'Inadequate and needs bolstering': Here's how Australia is reacting to the government's JobKeeper and JobSeeker changes

Changes to JobKeeper and JobSeeker have received a mixed reception. (Karwai Tang, WireImage)
  • The Australian government will slash JobKeeper and JobKeeper payments from September under new versions of the programs.
  • The revised JobSeeker will run from September to December, while a modifed JobKeeper will taper off through to March.
  • Unions, peak bodies and activists have given the changes a thoroughly mixed reception.
  • Visit Business Insider Australia’s homepage for more stories.

The Australian government has kicked the can down the road for the economy, extending income support for three to six more months.

With the JobSeeker allowance and JobKeeper wage subsidy due to end in their original form in September, the Morrison government confirmed it would allow revised versions of each to run to December and March respectively.

Tuesday’s announcement presents both good and bad news for the Australian economy. On one hand, reductions in both programs will see support tapered back, putting more financial pressure on households. On the other, the extension means stimulus measures aren’t simply going to disappear come September.

Accordingly, the changes have been met with both criticism and cautious support from various bodies. Here’s what they’re saying.

The unions have welcomed JobKeeper extensions but question cuts

The Australian Council of Trade Unions (ACTU) has rated the introduction of JobKeeper 2.0 as necessary but insufficient.

“This announcement has delayed the economic catastrophe that would have resulted from pushing these programs off the cliff during the pandemic, but we need far-reaching government investment to create a path out of recession and to create the jobs we will need to rebuild the economy,” ACTU secretary Sally McManus said in a statement to Business Insider Australia.

The unions have suggested that part-time workers will be particularly hurt by the changes, already being on lower wages and having lost second and third jobs during the crisis.

By reducing the subsidy McManus argues that businesses may begin cutting back their workforce as they grapple with reduced turnovers.

“They’ve got to now look at their finances and whether they can keep going with less money.”

Hard hit industries are less happy with support being cut

Those sectors struggling the most as a result of the coronavirus crisis are less sanguine.

“This announcement confirms that the federal government is happy for aviation to collapse and with it thousands of jobs,” Transport Workers Union (TWU) national secretary Michael Kaine said.

“The announcement to cut payments and that thousands of aviation workers will again miss out on JobKeeper shows how Scott Morrison is failing to understand the serious situation aviation is in.”

Kaine warned that without further support redundancies were imminent, from airlines to aviation service companies.

While continued support is welcome, extra stimulus will be needed

While the building industry has benefited from extra measures such as the HomeBuilder and JobTrainer scheme, it still recognises the need for more spending.

“There is no question as to the effectiveness of JobKeeper and JobTrainer [but] a pipeline of work is essential to the recovery of the industry and the economy,” Denita Wawn, CEO of Master Builders Australia, said.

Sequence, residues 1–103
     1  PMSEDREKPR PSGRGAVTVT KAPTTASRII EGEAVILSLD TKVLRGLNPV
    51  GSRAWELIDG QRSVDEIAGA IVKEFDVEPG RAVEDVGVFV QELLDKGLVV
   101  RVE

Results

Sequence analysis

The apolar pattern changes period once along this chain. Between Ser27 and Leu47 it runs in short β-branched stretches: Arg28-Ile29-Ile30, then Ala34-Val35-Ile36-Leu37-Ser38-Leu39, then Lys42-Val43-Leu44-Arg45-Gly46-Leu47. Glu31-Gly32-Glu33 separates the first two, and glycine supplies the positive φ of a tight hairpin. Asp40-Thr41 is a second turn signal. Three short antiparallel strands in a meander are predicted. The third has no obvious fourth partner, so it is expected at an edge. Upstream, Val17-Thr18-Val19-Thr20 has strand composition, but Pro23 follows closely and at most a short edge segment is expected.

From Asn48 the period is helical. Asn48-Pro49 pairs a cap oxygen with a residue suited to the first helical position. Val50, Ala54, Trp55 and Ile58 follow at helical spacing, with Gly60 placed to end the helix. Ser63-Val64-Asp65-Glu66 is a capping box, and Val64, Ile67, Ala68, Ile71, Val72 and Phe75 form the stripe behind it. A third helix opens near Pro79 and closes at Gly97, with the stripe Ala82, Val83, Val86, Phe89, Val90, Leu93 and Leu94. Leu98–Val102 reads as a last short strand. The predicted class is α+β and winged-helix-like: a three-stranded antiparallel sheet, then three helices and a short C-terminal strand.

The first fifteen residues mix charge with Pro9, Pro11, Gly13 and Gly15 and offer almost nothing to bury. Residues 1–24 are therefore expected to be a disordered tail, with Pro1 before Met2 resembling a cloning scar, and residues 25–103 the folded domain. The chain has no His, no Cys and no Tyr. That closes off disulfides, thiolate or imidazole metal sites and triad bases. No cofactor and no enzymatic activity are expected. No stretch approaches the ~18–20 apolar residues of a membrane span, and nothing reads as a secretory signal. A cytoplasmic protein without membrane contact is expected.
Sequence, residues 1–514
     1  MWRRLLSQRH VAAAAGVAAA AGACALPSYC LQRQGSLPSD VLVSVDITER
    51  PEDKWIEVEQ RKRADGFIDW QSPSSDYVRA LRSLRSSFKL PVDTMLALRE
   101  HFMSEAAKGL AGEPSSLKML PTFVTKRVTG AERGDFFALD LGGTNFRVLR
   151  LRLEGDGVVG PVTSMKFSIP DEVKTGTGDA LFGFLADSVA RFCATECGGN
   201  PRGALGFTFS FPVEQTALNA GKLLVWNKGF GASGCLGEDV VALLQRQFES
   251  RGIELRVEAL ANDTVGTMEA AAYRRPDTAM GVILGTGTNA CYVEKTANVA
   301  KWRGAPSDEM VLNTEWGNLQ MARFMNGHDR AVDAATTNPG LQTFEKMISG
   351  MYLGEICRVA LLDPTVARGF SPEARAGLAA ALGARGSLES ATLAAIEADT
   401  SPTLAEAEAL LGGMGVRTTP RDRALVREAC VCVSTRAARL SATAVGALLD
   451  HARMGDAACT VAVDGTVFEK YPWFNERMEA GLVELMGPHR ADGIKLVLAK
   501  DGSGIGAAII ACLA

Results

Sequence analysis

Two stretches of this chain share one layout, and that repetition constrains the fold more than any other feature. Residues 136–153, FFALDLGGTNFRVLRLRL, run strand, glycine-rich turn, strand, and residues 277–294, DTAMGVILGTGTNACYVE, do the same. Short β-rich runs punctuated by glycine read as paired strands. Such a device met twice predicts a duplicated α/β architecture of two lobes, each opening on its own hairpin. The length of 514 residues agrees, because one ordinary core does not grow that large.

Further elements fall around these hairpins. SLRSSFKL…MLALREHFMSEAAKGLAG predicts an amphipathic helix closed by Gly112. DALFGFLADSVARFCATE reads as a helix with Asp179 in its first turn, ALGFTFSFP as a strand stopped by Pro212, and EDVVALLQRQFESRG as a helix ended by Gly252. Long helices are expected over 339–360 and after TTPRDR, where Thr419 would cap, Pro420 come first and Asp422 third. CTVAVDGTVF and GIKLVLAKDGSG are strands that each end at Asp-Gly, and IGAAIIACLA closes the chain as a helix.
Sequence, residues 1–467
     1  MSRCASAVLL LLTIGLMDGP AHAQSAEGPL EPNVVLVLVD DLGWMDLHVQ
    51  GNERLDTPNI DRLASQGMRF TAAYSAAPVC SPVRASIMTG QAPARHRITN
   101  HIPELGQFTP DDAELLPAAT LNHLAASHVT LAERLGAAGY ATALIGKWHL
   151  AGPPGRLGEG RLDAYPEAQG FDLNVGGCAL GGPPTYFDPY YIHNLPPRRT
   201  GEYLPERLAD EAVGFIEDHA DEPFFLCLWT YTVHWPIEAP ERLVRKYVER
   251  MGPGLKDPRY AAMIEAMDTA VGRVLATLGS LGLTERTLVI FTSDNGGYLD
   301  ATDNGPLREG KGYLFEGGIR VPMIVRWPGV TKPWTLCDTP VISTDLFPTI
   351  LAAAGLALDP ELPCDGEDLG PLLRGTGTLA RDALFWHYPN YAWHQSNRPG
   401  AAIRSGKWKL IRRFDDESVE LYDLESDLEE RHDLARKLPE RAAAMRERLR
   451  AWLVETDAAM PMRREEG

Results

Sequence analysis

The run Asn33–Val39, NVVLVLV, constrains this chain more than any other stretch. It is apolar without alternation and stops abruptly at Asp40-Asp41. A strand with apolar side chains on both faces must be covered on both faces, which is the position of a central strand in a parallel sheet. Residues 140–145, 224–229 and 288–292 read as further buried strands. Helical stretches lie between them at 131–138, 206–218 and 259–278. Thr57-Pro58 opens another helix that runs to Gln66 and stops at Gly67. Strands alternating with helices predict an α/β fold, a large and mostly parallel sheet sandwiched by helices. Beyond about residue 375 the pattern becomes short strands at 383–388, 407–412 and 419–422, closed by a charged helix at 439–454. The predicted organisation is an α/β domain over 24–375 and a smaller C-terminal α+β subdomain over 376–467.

“The massive contraction in demand that we are experiencing is due to the restrictions on economic activity imposed to save lives and therefore more successful stimulus measures such as HomeBuilder will be required to underpin recovery.”

The measures should businesses carry on for now and avoid the feared September ‘fiscal cliff’

Markets appeared to welcome the extension on Tuesday, with the ASX gaining around 1.4% by 1 pm, with investors seeing it as offering stability to the broader economy.

“When considered alongside the banks’ decision to extend the bank loan deferral period past September, the measures announced today, should help small businesses across the bridge and allow impacted households room to recover,” AMP Capital Australian equities portfolio manager Dermot Ryan said.

“[The changes] should smooth the path to the return to work of the large proportion of the population who have been impacted by the lockdown.”

JobSeeker cuts will plunge more than one million Australians into poverty

JobSeeker, formerly Newstart, hasn’t increased in real terms in around two decades. The fortnightly $550 coronavirus supplement had, however, helped lift it to a level in line with the rising cost of living.

The move to cut that payment has unsurprisingly been met with much criticism on Tuesday.

“Slashing income support in the middle of a recession won’t put a single additional person in a job – but it will push millions into poverty and put businesses out of work,” GetUp economic campaign director Ed Miller said.

Activists also don’t buy the Morrison government’s argument that heightened social security acts as a disincentive to out-of-work Australians.

“There are currently 1.7 million people on JobSeeker, and only 110,000 private sector vacancies. This data is a clear signal that the government’s stimulus has been inadequate and needs bolstering – not wind back,” Miller said.

He argues that a return to ‘mutual obligations’ — which require recipients to apply for a predetermined number of jobs to qualify — is a pointless exercise when applicants outnumber jobs 13-to-one.

While McManus is on a unity ticket with GetUp on these “punitive” measures, she welcomed the new capacity of welfare recipients to earn an additional $300 a fortnight through work.

Of course, it’s increasingly unclear who might actually be hiring the 1.6 million Australians on the allowance.

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